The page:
By Anjum Altaf
In Pakistan, revolution is confused with revolt. A revolution sweeps away the old order; a revolt just replaces the faces at the top. As we have discovered, a revolt is not enough. No matter how often the system is restarted by new saviors, it converges to the same outcome that is compatible with the attributes of the old order.
The principal attribute of the old order is stark social inequality in which the majority is dependent on a tiny minority for access to services and basic rights. This kind of hierarchical order is compatible with patron-client forms of governance which is really what we have had in the guise of democracy. Everything we observe confirms that our rulers consider themselves monarchs while the ruled think of themselves as subjects.
Years ago I asked a peasant why they did not elect an honest representative instead of the incumbent criminal. He took about a second to pose a counter question: Would the honest person be able to get his son out of the police lockup or employed in public service? People are not stupid; they understand well the distribution of power in which they have to survive.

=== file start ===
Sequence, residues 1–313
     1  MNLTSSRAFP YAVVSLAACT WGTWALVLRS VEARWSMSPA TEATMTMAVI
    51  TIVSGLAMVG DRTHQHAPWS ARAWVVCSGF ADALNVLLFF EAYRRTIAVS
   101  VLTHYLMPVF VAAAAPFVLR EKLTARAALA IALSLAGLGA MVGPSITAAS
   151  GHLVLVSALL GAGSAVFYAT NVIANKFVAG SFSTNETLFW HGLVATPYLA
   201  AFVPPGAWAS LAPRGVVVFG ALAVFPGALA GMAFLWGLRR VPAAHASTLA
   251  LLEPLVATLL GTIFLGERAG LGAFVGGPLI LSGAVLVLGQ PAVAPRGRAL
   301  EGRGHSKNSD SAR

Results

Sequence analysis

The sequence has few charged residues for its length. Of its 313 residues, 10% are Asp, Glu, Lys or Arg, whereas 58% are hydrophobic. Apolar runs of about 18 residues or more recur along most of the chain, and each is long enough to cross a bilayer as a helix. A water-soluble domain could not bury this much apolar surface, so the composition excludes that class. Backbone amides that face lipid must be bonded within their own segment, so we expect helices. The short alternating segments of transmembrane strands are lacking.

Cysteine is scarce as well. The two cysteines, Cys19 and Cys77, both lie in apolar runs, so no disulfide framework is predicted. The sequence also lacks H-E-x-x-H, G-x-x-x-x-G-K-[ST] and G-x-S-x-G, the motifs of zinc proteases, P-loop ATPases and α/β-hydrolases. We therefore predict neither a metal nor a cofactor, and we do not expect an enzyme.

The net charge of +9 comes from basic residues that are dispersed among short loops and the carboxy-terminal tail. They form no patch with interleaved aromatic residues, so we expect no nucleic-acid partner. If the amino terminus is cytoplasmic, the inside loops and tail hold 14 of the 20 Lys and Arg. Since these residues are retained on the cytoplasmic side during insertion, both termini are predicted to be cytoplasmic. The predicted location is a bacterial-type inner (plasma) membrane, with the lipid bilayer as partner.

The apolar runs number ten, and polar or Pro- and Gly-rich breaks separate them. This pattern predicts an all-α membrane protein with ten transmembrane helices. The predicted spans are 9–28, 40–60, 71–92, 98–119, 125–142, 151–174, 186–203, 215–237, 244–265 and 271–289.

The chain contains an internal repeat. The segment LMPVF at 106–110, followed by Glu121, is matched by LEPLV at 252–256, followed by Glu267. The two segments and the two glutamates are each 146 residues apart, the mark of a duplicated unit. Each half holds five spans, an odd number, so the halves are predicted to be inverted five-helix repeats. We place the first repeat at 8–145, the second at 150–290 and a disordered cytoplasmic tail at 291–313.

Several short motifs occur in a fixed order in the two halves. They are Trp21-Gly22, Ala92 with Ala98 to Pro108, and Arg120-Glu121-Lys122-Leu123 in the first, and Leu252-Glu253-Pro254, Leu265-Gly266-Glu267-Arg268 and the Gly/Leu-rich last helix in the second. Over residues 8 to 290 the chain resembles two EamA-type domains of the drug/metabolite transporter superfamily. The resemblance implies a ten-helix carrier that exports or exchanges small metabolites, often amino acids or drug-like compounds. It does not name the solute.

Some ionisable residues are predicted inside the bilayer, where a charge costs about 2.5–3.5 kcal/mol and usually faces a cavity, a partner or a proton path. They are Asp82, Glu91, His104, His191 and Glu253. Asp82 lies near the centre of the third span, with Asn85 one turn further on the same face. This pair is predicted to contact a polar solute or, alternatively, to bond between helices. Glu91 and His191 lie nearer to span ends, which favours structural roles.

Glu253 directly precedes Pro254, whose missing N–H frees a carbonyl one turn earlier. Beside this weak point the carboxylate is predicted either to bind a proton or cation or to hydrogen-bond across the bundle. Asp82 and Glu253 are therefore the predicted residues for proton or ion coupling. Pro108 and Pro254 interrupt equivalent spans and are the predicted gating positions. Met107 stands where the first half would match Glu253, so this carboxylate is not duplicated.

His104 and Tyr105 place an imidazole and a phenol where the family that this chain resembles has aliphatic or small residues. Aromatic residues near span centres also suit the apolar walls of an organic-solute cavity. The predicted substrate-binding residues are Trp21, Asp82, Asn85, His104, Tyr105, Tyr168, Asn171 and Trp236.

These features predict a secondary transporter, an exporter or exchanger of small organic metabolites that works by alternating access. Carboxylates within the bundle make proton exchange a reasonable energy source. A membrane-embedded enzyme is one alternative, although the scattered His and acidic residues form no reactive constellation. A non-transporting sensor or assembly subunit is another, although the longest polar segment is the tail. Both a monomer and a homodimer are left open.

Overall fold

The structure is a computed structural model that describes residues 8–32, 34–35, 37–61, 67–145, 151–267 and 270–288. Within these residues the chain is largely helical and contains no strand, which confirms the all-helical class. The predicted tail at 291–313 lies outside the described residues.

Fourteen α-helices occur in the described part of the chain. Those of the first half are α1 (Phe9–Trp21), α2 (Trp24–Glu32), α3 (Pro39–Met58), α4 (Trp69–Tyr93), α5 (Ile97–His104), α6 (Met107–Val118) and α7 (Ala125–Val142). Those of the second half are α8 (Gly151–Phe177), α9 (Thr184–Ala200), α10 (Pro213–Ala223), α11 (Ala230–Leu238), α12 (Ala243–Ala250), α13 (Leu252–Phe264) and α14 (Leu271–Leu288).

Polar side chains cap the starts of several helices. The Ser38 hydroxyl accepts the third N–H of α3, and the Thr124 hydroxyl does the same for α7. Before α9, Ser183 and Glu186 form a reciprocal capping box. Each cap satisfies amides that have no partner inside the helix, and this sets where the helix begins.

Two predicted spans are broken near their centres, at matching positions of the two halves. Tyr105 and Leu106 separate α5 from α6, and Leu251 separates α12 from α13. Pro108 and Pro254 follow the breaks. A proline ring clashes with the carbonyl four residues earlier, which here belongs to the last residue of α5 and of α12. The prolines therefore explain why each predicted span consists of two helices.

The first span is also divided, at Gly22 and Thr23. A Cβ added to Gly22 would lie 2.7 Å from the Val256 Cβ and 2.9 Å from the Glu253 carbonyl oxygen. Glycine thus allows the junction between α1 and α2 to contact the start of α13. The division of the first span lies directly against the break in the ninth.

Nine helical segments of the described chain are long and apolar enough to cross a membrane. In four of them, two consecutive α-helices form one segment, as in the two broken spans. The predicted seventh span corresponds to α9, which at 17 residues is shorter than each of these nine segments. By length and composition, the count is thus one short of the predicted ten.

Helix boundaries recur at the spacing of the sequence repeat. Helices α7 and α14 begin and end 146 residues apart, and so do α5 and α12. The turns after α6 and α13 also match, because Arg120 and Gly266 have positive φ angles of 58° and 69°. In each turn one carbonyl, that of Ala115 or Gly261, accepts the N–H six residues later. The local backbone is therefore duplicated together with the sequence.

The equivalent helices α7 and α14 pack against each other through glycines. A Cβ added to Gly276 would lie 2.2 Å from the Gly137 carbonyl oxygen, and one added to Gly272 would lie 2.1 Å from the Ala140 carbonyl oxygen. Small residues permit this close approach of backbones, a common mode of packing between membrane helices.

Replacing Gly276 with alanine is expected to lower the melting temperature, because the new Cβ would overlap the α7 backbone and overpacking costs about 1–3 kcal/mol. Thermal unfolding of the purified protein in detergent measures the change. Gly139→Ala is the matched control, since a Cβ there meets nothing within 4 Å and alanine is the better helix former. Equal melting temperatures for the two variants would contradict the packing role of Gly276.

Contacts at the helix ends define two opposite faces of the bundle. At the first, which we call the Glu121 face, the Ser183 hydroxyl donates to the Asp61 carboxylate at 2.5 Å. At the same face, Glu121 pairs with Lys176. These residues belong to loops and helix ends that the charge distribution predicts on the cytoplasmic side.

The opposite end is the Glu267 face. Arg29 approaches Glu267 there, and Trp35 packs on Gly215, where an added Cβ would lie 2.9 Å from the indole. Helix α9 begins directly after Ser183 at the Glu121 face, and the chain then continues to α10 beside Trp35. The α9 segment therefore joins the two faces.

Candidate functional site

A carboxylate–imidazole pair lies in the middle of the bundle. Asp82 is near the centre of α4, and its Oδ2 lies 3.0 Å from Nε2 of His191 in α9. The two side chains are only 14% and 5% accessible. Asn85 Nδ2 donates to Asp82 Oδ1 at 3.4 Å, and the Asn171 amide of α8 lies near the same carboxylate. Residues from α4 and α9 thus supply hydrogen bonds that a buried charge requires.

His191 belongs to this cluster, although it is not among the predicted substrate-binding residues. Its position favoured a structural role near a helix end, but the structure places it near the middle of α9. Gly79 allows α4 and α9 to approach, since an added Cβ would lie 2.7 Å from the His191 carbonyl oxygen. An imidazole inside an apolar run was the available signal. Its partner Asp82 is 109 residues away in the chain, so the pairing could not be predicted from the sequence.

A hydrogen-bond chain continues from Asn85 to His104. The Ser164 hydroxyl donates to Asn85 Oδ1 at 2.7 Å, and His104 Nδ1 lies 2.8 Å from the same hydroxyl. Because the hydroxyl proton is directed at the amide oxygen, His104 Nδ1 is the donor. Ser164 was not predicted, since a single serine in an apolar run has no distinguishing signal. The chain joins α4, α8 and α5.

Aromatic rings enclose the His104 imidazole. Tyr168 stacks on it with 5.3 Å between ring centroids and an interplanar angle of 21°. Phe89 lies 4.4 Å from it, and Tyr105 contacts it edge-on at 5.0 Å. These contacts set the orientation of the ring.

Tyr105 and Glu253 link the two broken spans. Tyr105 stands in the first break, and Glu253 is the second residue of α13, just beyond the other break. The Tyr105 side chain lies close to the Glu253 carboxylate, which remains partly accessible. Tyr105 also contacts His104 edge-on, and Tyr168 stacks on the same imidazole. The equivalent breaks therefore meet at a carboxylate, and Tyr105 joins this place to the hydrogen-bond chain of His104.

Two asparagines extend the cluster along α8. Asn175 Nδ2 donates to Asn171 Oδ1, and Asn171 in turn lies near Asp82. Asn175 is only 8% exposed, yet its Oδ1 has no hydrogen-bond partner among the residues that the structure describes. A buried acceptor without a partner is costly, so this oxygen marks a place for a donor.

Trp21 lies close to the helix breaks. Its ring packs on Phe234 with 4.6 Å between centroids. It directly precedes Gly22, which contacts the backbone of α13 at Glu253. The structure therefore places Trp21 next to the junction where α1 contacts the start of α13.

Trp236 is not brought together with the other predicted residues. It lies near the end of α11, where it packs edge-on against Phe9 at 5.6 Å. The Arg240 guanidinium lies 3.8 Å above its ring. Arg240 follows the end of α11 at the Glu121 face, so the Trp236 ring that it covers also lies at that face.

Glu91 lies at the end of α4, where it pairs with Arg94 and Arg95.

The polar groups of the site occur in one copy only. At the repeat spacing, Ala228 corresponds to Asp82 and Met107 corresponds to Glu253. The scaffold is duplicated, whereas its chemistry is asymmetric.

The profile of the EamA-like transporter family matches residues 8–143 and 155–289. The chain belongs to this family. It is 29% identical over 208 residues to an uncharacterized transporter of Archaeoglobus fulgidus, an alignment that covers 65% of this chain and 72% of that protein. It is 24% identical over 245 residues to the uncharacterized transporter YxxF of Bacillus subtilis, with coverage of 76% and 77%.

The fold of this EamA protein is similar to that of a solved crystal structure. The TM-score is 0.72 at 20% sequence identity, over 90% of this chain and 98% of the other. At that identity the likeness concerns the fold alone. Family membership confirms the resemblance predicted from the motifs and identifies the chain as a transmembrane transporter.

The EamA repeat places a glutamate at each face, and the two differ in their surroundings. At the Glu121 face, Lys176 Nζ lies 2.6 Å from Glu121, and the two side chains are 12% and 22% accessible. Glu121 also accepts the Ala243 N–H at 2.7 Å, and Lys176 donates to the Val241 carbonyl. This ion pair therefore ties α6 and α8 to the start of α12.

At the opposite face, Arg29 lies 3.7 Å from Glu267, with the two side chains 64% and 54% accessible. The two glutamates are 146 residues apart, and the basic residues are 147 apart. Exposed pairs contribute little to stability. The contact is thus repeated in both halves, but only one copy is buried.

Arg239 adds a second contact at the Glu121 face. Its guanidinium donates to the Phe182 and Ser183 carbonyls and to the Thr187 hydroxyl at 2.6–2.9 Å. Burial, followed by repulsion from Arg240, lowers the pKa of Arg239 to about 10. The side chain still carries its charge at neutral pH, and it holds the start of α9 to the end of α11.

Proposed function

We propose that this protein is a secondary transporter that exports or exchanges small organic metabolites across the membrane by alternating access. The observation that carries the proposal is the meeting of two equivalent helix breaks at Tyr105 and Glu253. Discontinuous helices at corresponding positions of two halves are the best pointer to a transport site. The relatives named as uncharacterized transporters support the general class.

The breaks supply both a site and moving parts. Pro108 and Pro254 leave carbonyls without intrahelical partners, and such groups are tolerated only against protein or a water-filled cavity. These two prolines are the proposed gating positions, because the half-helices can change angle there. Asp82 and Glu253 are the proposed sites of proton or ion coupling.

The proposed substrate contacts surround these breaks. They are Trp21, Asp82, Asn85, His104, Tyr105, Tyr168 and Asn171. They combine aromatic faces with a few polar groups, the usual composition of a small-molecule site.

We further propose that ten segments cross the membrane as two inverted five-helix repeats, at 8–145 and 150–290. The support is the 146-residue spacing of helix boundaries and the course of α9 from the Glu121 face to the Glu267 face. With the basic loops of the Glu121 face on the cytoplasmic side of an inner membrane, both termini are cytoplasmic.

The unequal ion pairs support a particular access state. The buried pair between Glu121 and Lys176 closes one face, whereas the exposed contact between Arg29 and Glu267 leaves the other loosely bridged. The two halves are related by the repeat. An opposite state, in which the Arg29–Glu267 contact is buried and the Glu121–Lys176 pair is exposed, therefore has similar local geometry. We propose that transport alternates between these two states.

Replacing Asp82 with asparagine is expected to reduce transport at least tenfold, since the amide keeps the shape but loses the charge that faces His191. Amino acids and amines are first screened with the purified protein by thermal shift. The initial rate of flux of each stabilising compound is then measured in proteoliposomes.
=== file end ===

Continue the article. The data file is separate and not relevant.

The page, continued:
A revolution would transform subjects into sovereign citizens; monarchs into accountable representatives. This kind of revolution has yet to occur in Pakistan. The political order has not changed; the departing British left the reins in the hands of the same social class that held power under it.
Is a revolution a la the French Revolution possible in Pakistan? No, because there is no intellectual ferment that accompanies and energizes systemic change. Adrift between faith in divine providence and charismatic saviors, Pakistan seems set to follow its pied pipers into anarchy and oblivion.
This comment appeared in the September issue of Herald Magazine and is reproduced here with the author’s permission. At the time Anjum Altaf was dean of the School of Humanities and Social Sciences at the Lahore University of Management Sciences.
For more on this subject, see What Kind of Revolution Do We Need in South Asia?